The American soprano, Dawn Upshaw, studied at Illinois Wesleyan University, receiving B.A. in 1982. The she pursued vocal training eith Ellen Faull at the Manhattan School of Music in New York, receiving M.A. in 1984. She also attended courses given by Jan DeGaetani at the Aspen (Colorado) Music School. She was a winner of the Young Concert Artists auditions (1984) and the Walter M. Naumburg Competition (1985), and was a member of the Metropolitan Opera Young Artists Development Program.
Admired for her uncommon musicality and for the unaffected beauty of her singing, Dawn Upshaw is further esteemed for having paved a career path that is wholly her own. The integrity and freshness of conception that mark her choice of repertory and her interpretations have made her a model for a new generation of singer.
Applauded in the opera houses of New York, Paris, Salzburg, and Vienna for her portrayals of the great Mozart roles, Dawn Upshaw is equally renowned for work in more remote corners of the repertory - most recently, as the title character in George Frideric Handel's Theodora, triumphantly staged in Glyndebourne by Peter Sellars. This season she turns her attention to two new roles.
Already a Susanna of the first rank, Dawn Upshaw now takes up the role of Cherubino in the Metropolitan Opera's Le Nozze di Figaro, and she returns to Salzburg as the heroine in a new production, by Robert Wilson, of Pelléas et Mélisande.
Two-thirds of Dawn Upshaw's calendar each season is set aside for work away from the opera stage - as a chamber musician, with major orchestras and in the recording studio. She is regarded as a consummate recitalist, as is confirmed by her 1996-1997 schedule, which includes dates in Tokyo, London, Los Angeles and San Francisco, and debut recitals in Carnegie Hall and at the Salzburg Festival. It reveals much about Dawn Upshaw's attitude toward music making that her recital work tends to be collaborative in nature, resulting in several important ongoing partnerships. Her engagements with James Levine over the years have led to a recording of Debussy songs to be released at the end of March 1997 on Sony Classical. She tours annually with Richard Goode, and both Margo Garrett and Gilbert Kalish are also long-standing partners. In the 1995-1996 season, Dawn Upshaw commissioned a staging of Bach's cantata BWV 199 by Peter Sellars as part of a three concert series at New York's 92nd St 'Y' entitled "Voices of the Spirit".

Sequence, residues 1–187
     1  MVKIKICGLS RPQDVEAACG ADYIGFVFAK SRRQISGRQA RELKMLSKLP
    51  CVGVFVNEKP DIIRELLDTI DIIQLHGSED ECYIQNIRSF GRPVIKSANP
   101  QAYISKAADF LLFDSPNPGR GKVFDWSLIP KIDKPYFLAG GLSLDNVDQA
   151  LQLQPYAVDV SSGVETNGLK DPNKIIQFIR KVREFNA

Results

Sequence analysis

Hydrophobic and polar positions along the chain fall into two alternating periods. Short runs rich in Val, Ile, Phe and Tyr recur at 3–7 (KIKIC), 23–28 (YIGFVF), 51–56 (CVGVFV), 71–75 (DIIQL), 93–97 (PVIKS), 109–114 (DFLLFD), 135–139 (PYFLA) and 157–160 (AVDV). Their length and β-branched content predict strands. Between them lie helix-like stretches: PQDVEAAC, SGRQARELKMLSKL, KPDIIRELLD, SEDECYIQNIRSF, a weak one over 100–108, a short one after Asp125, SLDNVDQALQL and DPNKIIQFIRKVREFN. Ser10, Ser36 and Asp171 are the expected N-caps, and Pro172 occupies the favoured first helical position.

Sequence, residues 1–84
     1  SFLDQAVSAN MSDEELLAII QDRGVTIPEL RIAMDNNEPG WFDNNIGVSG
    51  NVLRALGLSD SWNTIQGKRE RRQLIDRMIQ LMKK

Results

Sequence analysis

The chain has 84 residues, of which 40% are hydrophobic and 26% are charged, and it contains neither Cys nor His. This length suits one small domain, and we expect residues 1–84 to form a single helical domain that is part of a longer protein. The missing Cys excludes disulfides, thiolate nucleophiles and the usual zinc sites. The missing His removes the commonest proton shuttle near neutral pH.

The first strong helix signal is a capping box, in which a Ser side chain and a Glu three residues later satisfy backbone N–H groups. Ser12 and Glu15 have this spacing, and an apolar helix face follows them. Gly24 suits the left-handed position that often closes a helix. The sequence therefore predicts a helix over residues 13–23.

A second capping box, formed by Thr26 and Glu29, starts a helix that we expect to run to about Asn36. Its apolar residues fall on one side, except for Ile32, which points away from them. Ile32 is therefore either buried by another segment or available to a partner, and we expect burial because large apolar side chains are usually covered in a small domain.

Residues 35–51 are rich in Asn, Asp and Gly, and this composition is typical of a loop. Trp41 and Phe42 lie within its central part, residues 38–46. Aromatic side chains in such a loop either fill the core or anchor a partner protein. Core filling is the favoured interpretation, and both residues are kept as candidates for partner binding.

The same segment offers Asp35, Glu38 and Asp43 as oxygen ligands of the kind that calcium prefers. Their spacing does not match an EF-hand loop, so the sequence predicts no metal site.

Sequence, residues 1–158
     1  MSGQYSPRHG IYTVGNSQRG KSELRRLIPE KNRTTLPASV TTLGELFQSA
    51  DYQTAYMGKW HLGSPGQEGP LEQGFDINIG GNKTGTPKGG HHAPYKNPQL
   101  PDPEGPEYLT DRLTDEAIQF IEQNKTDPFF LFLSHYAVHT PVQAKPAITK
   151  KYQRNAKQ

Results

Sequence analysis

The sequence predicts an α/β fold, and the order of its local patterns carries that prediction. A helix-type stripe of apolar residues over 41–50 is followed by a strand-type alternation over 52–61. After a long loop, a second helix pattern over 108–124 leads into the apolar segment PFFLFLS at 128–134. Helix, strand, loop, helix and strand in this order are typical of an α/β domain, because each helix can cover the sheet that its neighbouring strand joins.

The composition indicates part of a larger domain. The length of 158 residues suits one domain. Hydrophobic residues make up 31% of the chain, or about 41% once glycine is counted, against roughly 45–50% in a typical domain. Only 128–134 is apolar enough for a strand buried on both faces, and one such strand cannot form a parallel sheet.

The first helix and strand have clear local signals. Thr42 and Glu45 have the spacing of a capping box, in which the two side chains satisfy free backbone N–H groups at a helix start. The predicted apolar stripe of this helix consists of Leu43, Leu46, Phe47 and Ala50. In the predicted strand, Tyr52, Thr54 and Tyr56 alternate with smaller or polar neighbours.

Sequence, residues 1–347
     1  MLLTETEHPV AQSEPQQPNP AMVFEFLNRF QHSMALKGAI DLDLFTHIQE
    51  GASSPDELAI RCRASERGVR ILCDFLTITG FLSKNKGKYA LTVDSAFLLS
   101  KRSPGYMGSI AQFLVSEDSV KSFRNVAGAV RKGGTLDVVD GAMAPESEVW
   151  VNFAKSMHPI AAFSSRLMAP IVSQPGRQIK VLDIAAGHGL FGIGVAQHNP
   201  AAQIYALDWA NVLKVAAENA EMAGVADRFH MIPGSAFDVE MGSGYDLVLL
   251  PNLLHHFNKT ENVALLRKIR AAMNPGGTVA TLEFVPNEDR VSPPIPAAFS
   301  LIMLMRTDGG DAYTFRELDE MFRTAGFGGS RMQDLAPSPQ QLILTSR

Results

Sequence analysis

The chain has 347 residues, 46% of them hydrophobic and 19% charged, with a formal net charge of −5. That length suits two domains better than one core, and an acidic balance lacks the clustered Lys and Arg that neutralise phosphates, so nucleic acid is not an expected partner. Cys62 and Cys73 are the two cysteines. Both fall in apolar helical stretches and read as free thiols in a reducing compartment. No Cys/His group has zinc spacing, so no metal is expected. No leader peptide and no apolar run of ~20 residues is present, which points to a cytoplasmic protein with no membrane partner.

Dawn Upshaw rejoined Sellars in Paris in the Fall of 1996 when she appeared as Anne in his new production of The Rake's Progress, a role she recently recorded.
Deeply involved with the music of our time, Dawn Upshaw is a particular champion of the music of John Harbison, though he is only one of a number of composers who have written for her. Her advocacy of contemporary music is compellingly evident in a broad range of solo recordings, among which are several Grammy, Gramophone, and Edison prize winning discs.
A familiar performer on television, Dawn Upshaw has been a guest of President Clinton and Mrs Clinton on the NBC special, "Christmas in Washington". The BBC presented a prime-time telecast of her 1996 London Proms Concert, "Dawn at Dusk", in which she performed music of American music theatre repertory.
Dawn Upshaw holds a master's degree from the Manhattan School of Music and an honorary doctorate from her alma mater, Illinois Wesleyan University.